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SECTION 6
PRIME MOVERS
Former contributors: William H. Day, Donald H. Hall, and Lawrence R. Mizin.
CONTENTS

6.1 STEAM PRIME MOVERS. . . . . . . . . . . . . . . . . . . . . . . . . . .6-1 6.1.1 Steam Engines and Steam Turbines. . . . . . . . . . . . . .6-1 6.1.2 Steam-Engine Types and Application. . . . . . . . . . . . .6-2 6.1.3 Steam-Engine Performance. . . . . . . . . . . . . . . . . . . .6-2 6.1.4 Steam Turbines\u2014General. . . . . . . . . . . . . . . . . . . . .6-3 6.1.5 Turbine Efficiency. . . . . . . . . . . . . . . . . . . . . . . . . . .6-5 6.1.6 Turbine Construction. . . . . . . . . . . . . . . . . . . . . . . . .6-7 6.1.7 Turbine Control and Protective Systems. . . . . . . . . . .6-9 6.1.8 Lubrication and Hydraulic Systems. . . . . . . . . . . . .6-13 6.1.9 Oil-Seal and Gas-Cooling Systems

for Hydrogen-Cooled Generators. . . . . . . . . . . . . . .6-14
6.1.10 Miscellaneous Steam-Turbine Components. . . . . . .6-14

6.2 STEAM-TURBINE APPLICATIONS. . . . . . . . . . . . . . . . . .6-14 6.2.1 Central-Station Turbines. . . . . . . . . . . . . . . . . . . . . .6-14 6.2.2 Industrial Steam Turbines. . . . . . . . . . . . . . . . . . . . .6-15 6.2.3 Variable-Speed Turbines. . . . . . . . . . . . . . . . . . . . . .6-15 6.2.4 Special-Purpose Turbines. . . . . . . . . . . . . . . . . . . . .6-16

6.3 STEAM-TURBINE PERFORMANCE. . . . . . . . . . . . . . . . .6-16 6.3.1 Rankine-Cycle Efficiency. . . . . . . . . . . . . . . . . . . . .6-16 6.3.2 Engine Efficiency. . . . . . . . . . . . . . . . . . . . . . . . . . .6-17 6.3.3 Theoretical Steam Rates. . . . . . . . . . . . . . . . . . . . . .6-18 6.3.4 Condensing-Turbine Efficiencies. . . . . . . . . . . . . . .6-18 6.3.5 Regenerative Cycle. . . . . . . . . . . . . . . . . . . . . . . . .6-18 6.3.6 Reheat Cycle. . . . . . . . . . . . . . . . . . . . . . . . . . . . . .6-19 6.3.7 Gross and Net Heat Rates. . . . . . . . . . . . . . . . . . . . .6-19 6.3.8 Nuclear Cycles. . . . . . . . . . . . . . . . . . . . . . . . . . . . .6-20 6.3.9 Combined Cycles. . . . . . . . . . . . . . . . . . . . . . . . . . .6-22 6.3.10 Noncondensing-Turbine Efficiencies. . . . . . . . . . . .6-22 6.3.11 Automatic-Extraction-Turbine Efficiencies. . . . . . . .6-22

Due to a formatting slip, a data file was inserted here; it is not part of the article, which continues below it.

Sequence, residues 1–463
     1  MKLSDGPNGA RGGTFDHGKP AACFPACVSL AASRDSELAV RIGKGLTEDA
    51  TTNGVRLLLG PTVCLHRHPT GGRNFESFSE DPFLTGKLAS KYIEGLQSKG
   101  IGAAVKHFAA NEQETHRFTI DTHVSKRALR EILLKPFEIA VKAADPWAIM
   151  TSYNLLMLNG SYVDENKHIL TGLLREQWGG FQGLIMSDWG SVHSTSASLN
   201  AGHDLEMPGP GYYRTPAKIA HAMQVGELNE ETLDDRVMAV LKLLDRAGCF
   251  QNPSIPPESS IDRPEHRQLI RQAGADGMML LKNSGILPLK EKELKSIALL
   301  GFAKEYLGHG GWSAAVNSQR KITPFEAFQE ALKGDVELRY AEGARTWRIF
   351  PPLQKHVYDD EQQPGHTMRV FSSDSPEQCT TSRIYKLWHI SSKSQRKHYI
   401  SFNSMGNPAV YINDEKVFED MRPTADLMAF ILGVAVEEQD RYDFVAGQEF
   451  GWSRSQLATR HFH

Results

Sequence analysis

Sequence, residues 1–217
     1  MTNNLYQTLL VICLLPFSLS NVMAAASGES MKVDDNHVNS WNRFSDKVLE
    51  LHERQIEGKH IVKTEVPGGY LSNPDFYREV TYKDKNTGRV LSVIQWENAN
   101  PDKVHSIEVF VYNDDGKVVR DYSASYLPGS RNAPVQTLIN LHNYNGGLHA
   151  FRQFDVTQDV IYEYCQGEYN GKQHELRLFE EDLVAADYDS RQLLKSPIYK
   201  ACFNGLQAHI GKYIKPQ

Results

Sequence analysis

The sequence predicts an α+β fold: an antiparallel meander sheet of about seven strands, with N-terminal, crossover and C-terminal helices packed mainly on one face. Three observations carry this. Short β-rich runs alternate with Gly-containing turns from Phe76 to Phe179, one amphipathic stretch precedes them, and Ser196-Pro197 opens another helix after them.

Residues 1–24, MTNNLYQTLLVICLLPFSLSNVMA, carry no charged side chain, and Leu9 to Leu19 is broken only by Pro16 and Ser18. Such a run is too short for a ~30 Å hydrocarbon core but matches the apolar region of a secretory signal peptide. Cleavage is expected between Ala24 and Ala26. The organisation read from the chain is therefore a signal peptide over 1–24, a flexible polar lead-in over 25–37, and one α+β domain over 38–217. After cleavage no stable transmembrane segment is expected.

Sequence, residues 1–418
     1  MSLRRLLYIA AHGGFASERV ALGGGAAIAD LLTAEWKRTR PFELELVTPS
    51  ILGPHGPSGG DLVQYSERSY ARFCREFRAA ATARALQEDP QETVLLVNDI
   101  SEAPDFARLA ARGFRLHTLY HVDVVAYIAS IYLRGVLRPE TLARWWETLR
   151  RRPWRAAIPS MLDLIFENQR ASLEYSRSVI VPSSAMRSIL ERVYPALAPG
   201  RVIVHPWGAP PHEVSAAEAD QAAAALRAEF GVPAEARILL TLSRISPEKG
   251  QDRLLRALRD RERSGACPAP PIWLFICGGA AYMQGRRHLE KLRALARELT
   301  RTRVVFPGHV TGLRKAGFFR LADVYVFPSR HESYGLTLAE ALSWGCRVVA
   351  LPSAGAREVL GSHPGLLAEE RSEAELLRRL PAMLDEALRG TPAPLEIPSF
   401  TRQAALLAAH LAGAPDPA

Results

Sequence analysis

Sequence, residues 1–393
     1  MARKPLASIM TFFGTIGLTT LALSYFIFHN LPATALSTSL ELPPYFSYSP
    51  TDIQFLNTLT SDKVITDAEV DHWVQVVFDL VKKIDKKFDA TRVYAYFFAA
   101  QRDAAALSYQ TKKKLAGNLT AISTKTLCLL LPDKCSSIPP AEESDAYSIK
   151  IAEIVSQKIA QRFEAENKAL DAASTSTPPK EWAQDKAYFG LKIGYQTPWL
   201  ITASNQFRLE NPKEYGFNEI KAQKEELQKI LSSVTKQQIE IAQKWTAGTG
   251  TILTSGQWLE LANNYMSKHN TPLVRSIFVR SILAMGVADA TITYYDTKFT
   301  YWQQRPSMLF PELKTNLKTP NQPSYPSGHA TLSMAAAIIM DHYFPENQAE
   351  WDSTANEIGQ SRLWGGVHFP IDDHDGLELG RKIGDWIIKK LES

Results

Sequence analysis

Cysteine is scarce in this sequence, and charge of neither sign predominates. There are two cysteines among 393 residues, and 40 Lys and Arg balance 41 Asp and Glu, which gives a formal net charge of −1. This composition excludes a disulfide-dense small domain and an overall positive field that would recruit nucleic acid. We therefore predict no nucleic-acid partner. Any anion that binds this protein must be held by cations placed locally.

BIBLIOGRAPHY. . . . . . . . . . . . . . . . . . . . . . . . . . . . . . . . . . . . .6-23

6.4 GAS TURBINES. . . . . . . . . . . . . . . . . . . . . . . . . . . . . . . . .6-23 6.4.1 Cycles. . . . . . . . . . . . . . . . . . . . . . . . . . . . . . . . . . .6-23 6.4.2 Design. . . . . . . . . . . . . . . . . . . . . . . . . . . . . . . . . . .6-25 6.4.3 Performance. . . . . . . . . . . . . . . . . . . . . . . . . . . . . . .6-26 6.4.4 Applications. . . . . . . . . . . . . . . . . . . . . . . . . . . . . . .6-26

BIBLIOGRAPHY. . . . . . . . . . . . . . . . . . . . . . . . . . . . . . . . . . . . . .6-27
6.1 STEAM PRIME MOVERS
6.1.1 Steam Engines and Steam Turbines

Steam prime movers are either reciprocating engines or turbines, the former being the older, domi- nant type until 1900. Reciprocating engines offer low speed (100 to 400 r/min), high efficiency in small sizes (less than 500 hp), and high starting torque. In the Industrial Revolution, they powered

6-1

Downloaded from Digital Engineering Library @ McGraw-Hill (www.digitalengineeringlibrary.com)
Copyright \u00a9 2006 The McGraw-Hill Companies. All rights reserved.
Any use is subject to the Terms of Use as given at the website.\ue000

Source: STANDARD HANDBOOK FOR ELECTRICAL ENGINEERS
6-2
SECTION SIX